August 16, 2010 at 12:49PM
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shimana

Thanks for your replies :)

I tried to keep it simple ;)

I'm trying to understand the principles behind this, so I can use those principles for future projects, which might involve a solar heater or a greenhouse (in winter).

I've thought a bit more about it. I think the problem can be divided into several questions:

>>> How much of the sunlight is converted into heat, and how does that work?
>>> How much of the created heat escapes?

I always find it easier to try to understand things if I try to work out an example, so for the first question (I'll concentrate on this one first) that might be:

(Insolation)Sunlight: 1000 W / m^2
Angle of sunlight: 90 degrees
Surface area: 1m^2
Color of surface: blue ;-)

So, how does sunlight get converted to heat?

From wikipedia: >>> Infrared (IR) light is electromagnetic radiation with a wavelength between 0.7 and 300 micrometres (...) IR wavelengths are longer than that of visible light (...) Bright sunlight provides an irradiance of just over 1 kilowatt per square meter at sea level. Of this energy, 527 watts is infrared radiation, 445 watts is visible light, and 32 watts is ultraviolet radiation. That information divides my original question into two questions:

>>> How does visible light get converted to infrared radiation?
>>> Where to put the original infrared radiation?

Again from Wikipedia:

>>> Heat
Main article: Thermal radiation

Infrared radiation is popularly known as "heat" or sometimes known as "heat radiation", since many people attribute all radiant heating to infrared light and/or all infrared radiation to heating. This is a widespread misconception, since light and electromagnetic waves of any frequency will heat surfaces that absorb them. Infrared light from the Sun only accounts for 49% of the heating of the Earth, with the rest being caused by visible light that is absorbed then re-radiated at longer wavelengths. (...) It is true that objects at room temperature will emit radiation mostly concentrated in the 8 to 25 micrometer band (see black body and Wien's displacement law).

Heat is energy in transient form that flows due to temperature difference. Unlike heat transmitted by thermal conduction or thermal convection, radiation can propagate through a vacuum. In particular:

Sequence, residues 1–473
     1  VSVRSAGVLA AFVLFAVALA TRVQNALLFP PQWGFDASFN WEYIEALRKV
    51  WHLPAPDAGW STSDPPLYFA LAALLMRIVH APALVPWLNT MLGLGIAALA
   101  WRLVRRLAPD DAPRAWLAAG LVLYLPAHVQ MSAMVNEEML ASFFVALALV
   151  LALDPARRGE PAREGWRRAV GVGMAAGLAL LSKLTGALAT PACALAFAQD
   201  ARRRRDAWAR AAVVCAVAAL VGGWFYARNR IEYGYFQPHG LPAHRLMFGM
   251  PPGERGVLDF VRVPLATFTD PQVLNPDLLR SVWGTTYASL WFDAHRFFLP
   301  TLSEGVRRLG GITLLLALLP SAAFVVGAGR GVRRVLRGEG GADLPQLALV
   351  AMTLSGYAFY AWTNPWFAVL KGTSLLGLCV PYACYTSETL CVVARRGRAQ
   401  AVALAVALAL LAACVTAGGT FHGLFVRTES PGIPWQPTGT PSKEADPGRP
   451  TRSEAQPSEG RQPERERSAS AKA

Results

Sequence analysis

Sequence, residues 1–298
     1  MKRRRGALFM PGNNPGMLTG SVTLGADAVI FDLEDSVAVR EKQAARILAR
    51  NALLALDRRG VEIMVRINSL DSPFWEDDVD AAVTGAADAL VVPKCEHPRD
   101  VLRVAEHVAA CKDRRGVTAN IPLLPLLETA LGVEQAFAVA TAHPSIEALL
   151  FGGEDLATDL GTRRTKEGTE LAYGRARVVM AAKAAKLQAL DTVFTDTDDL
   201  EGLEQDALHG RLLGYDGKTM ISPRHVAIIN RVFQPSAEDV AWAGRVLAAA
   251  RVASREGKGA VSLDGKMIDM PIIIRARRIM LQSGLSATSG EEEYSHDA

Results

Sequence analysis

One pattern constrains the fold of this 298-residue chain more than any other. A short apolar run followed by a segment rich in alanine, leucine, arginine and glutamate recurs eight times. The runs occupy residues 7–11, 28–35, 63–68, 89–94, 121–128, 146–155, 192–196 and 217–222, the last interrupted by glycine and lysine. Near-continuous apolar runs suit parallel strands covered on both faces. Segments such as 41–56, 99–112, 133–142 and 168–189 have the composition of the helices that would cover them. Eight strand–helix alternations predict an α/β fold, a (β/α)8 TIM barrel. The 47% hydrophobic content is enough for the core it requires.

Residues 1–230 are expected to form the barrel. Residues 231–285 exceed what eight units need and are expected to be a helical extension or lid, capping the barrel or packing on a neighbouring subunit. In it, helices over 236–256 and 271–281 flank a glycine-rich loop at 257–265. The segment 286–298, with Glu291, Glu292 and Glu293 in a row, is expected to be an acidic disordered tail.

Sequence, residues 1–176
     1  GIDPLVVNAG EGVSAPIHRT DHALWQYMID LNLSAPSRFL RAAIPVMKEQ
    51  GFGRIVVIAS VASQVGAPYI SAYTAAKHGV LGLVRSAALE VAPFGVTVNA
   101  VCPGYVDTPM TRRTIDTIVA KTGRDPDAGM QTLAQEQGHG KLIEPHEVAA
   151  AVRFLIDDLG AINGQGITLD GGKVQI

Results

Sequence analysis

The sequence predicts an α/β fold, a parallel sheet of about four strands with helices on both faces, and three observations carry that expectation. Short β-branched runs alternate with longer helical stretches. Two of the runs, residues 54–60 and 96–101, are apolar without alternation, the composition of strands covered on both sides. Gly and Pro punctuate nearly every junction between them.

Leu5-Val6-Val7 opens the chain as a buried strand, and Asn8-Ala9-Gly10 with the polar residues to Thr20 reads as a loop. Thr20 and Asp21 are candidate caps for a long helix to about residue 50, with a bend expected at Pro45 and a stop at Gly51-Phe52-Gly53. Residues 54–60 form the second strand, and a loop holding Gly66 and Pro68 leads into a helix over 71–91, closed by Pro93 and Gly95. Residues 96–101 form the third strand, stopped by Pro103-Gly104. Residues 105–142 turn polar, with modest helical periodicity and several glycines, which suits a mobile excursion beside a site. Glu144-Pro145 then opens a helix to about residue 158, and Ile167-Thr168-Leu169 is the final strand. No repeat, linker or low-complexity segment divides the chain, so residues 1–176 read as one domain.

>>> The concept of emissivity is important in understanding the infrared emissions of objects. This is a property of a surface which describes how its thermal emissions deviate from the ideal of a black body. To further explain, two objects at the same physical temperature will not 'appear' the same temperature in an infrared image if they have differing emissivities.

I suspect the last three links provide the answer, but I don't understand them yet ...

August 17, 2010 at 12:49PM
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August 17, 2010 at 1:03PM
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kudzu9(Zone 8a - PNW)

shimana-
Sorry to keep asking questions, but: 1) do you want to acquire a theoretical, scientific education about how solar energy works, or 2) do you want to acquire enough practical knowledge to build something? It looks to me from the references you cite that you're digging into a lot of theoretical areas that are interesting, but won't help you easily convert the knowledge into results. If you want to acquire knowledge at a less theoretical level and build something, then put the words "Solar greenhouse" into the Amazon Books search engine: there are many good ones out there that will get you to a goal faster than the approach you seem to be using. I'm not trying to insult you, but I studied all this stuff in engineering school and it's fascinating...but there is a big gap between theoretical calculations and building something that works. Also, for a general understanding of how heat loss is quantified, play with the greenhouse calculator shown in the link below...

Here is a link that might be useful: GH calculator

August 17, 2010 at 2:13PM
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shimana

I'd like to get a more theoretical understanding about how solar energy works. I think it's just a few pages of information. The challenge is to integrate information from multiple places into one understandable format.

If I have that, I can model different solutions and materials before building the thing.

I could of course just start building using the basic knowledge I have, and I'm sure I'd get an acceptable solution, as at that level it's not such a difficult problem. But it'd really like to understand the problem and model it beforehand, because of the trouble and cost of making the thing ...

I think it's just a few equations I need to understand -- not that difficult at all.

Here is a link that might be useful: Lecture - 10 Thermal Radiation - 1

August 17, 2010 at 2:35PM
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shimana

Thanks for the tips, btw :)

August 17, 2010 at 2:53PM